Potatoes grown on the estate were stored within clamps in the rick yard area and sold in sacks to local shops. Local labourers picked the potatoes in season.

“In the orchard behind the workshops were lovely fruit trees. Pear trees grew up the walls. “

There was an Apple House in the kitchen gardens used for storing all the ripe apples.

Where the car park now exists was the sports ground for staff, overlooked by two sports pavilions, and surrounded by chestnut trees. After the war when there was no timber available to be purchased these pavilions were dismantled and the wood used for repairs in the house

The open sheds over looking the sports ground housed the farm equipment – tractors and combines.

During WW11 John remembers American Forces being billeted in corrugated iron Nissan huts built on the sports ground. “There were military vehicles parked all over estate land, around the lake and as far as the eye could see. There were sentries posted at the entrance to the estate. The forces were being prepared for the Normandy Landings and there were men sleeping in vehicles. Along Forge Lane were French and Canadian troops, with tanks and tank carriers. Behind the walls were stacked cans and cans of petrol”.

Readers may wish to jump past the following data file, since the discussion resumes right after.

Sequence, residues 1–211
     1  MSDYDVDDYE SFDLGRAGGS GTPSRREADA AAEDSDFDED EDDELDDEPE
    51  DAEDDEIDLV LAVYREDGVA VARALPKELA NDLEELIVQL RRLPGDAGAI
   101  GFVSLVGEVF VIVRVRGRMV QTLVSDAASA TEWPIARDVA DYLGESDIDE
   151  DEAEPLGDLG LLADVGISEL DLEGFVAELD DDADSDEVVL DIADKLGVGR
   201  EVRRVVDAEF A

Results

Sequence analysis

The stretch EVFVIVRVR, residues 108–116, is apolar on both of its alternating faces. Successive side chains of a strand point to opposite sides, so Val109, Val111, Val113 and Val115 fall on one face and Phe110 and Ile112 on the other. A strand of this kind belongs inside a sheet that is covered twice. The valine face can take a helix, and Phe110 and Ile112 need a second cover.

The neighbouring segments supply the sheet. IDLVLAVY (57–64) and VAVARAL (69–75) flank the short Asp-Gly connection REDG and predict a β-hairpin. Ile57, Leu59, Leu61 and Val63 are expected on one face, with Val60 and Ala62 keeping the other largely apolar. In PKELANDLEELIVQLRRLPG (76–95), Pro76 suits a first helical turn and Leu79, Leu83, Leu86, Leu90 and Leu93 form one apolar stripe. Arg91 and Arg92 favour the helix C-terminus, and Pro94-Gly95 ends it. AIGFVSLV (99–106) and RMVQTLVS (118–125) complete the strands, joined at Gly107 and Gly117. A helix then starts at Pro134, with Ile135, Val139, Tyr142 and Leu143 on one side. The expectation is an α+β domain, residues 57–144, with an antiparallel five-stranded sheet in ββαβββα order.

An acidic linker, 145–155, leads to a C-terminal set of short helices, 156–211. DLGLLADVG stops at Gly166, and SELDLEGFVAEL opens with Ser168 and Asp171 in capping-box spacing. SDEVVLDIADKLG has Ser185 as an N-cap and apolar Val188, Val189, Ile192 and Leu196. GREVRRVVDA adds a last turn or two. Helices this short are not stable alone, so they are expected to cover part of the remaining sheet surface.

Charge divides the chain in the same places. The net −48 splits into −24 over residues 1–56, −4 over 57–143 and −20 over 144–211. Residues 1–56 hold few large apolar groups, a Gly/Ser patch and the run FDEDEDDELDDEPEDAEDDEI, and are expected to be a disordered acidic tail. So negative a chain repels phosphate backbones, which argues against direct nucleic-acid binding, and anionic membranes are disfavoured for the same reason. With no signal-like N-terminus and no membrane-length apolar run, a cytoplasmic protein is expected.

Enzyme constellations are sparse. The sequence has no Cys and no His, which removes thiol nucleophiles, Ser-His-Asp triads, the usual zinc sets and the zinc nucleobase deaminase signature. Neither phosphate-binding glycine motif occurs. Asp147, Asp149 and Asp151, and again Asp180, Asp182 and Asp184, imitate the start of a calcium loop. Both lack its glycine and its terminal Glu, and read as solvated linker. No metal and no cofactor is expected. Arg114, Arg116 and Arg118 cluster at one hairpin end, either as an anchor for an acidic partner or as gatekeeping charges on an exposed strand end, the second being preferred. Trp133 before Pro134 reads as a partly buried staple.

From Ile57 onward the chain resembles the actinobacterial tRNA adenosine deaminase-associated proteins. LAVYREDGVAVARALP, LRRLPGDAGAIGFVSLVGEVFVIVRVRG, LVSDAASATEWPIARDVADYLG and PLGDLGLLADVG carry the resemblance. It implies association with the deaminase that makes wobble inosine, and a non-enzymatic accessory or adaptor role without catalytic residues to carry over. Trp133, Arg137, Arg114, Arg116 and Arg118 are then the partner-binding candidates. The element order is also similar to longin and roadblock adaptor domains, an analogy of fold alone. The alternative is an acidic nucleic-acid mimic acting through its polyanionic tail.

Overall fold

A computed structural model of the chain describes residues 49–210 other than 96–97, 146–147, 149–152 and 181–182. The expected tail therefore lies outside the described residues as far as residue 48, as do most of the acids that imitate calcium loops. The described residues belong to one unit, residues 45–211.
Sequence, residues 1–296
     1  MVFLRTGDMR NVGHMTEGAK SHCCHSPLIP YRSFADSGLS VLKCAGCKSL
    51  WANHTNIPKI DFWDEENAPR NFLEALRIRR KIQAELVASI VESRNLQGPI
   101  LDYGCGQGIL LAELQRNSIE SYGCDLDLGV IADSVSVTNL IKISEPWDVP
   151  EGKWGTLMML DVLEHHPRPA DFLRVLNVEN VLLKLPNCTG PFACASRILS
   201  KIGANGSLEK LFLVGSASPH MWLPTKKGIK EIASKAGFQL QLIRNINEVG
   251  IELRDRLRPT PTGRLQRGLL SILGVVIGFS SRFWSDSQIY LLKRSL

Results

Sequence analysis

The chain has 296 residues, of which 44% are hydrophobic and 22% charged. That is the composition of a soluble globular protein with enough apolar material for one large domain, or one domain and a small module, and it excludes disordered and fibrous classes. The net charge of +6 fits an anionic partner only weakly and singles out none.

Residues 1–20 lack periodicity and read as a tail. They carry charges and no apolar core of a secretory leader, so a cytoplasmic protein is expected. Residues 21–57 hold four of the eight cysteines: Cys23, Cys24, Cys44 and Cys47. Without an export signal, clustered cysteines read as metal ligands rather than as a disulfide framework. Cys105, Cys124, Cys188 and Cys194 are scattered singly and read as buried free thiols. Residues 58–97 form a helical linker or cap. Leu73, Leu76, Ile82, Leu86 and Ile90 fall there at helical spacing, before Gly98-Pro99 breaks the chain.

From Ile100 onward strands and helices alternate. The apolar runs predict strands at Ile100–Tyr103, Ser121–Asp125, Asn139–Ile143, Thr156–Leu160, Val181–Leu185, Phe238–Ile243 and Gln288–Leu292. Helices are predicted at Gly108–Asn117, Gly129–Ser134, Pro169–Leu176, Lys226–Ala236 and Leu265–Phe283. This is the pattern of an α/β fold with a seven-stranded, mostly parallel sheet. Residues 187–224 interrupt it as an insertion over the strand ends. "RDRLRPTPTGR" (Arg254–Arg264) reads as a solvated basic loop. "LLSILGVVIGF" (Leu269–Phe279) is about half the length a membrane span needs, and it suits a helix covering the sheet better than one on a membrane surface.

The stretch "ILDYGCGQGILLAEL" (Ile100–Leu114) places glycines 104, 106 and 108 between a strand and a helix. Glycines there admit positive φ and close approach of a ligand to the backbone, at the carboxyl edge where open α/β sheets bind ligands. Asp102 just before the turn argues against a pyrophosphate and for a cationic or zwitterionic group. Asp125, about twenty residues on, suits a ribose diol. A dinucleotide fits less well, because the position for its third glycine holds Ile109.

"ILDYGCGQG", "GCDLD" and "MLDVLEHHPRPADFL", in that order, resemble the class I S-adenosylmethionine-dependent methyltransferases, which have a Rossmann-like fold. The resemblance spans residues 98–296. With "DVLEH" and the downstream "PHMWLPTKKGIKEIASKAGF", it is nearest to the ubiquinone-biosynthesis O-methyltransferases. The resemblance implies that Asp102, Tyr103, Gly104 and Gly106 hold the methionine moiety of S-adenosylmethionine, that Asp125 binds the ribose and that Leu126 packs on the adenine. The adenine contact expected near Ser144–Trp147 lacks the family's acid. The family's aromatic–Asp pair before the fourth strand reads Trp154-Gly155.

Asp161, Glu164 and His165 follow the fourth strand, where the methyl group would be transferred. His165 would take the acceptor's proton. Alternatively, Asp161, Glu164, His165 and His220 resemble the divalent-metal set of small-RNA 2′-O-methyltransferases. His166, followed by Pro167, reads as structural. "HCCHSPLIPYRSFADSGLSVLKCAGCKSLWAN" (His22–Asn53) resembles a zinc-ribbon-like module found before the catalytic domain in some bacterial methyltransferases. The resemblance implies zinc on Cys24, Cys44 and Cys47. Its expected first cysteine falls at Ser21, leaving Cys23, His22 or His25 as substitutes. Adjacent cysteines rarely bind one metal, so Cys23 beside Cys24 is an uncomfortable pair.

John remembers one day during that time when 5 small planes circled over the area and came into land alongside his cottage. American jeeps came to meet the passengers and took them away to Tredegar House where they were negotiating the Normandy Landings. Sentries were left on duty to guard the planes. Johns’ parents allowed the sentries to sleep on the floor of their cottage. John remembers the cocoa the soldiers provided.

One morning John when walked to school and the area was like a ghost town – the forces had all left for the beginning of the Allied Invasion.

After the war the “War Agriculture” set up base in the Nissan huts. This was a government led initiative which hired out plant to farmers for ploughing, hay making and seeding to grow food during the rationing years. Johns’ boss bought a big charging system to charge batteries for the “War Ag”. One of Johns’ jobs was to use a small valve charger in the workshop to charge radio batteries for the local residents.

After the war the Nissan huts were also used to provide housing for demobbed soldiers and those without housing.

In the fields opposite the estate worked Italian and German prisoners of war. They were very clever people and would barter for pieces of clean board to use when making willow baskets. They would also take 2 shilling and half crown pieces and tap the metal out to make “nice rings”. “One German blacksmith prisoner made the farmer many unbelievable things”.